Some Afghan refugees infected with Measles, all inbound refugee flights blocked


After four Afghanistan refugees were positively identified with measles once arriving in the U.S., the U.S. Border and Customs Patrol, along with the Centers for Disease Controlled ordered the halting of all inbound U.S. flights Qatar and Germany shuttling refugees.

“U.S. Customs and Border Protection made the decision on the recommendation of the Centers for Disease Control and Prevention to halt the flights from U.S. bases in Germany and Qatar, according to a U.S. government document seen Friday by The Associated Press. The document cited unspecified health safety concerns,” USA Today reported.

Later, White House Press Secretary Jen Psaki confirmed measles had been identified in the four individuals now in the United States.

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In 2000, measles had been declared eliminated from the United States by the World Health Organization due to vaccination efforts.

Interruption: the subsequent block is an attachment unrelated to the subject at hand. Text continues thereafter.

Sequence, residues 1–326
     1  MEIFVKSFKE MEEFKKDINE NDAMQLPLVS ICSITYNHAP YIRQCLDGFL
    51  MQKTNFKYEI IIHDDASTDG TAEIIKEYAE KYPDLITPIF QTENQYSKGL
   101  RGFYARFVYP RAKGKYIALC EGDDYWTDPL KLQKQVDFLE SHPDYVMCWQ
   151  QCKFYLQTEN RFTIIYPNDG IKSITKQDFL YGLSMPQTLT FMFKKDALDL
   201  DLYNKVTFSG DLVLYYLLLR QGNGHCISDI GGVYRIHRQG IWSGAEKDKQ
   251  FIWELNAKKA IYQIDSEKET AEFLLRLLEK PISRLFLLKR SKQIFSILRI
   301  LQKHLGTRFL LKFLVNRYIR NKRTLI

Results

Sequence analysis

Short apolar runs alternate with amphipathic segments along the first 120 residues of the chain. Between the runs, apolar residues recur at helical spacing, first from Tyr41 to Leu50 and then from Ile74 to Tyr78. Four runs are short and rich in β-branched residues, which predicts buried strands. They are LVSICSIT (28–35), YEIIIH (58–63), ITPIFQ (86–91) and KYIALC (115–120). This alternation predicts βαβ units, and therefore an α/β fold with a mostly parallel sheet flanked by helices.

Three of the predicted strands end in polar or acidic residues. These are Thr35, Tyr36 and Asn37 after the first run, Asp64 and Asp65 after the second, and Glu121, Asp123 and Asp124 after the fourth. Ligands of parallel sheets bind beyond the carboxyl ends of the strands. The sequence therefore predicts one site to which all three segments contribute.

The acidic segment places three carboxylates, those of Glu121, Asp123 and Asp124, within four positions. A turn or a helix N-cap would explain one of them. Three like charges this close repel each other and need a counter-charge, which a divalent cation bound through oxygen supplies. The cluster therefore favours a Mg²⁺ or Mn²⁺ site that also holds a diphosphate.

The anti-vaccination movement has lead to a decline in measles vaccines given to children, which could pose a risk to the unvaccinated.

“The decision was made by U.S. Customs and Border Protection on the recommendation of the Centers for Disease Control and Prevention. White House press secretary Jen Psaki said the halt stemmed from discovery of measles among four Afghans who had arrived in the United States,” reported. “It was not immediately clear from Psaki’s remarks whether the stop applied to flights from all transit sites overseas, or only two of the biggest ones, in Qatar and in Germany.

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Measles are a very serious disease that can cause death in young children.

“Measles is a childhood infection caused by a virus. Once quite common, measles can now almost always be prevented with a vaccine,” the Mayo Health Clinic says. “Also called rubeola, measles can be serious and even fatal for small children. While death rates have been falling worldwide as more children receive the measles vaccine, the disease still kills more than 100,000 people a year, most under the age of 5.”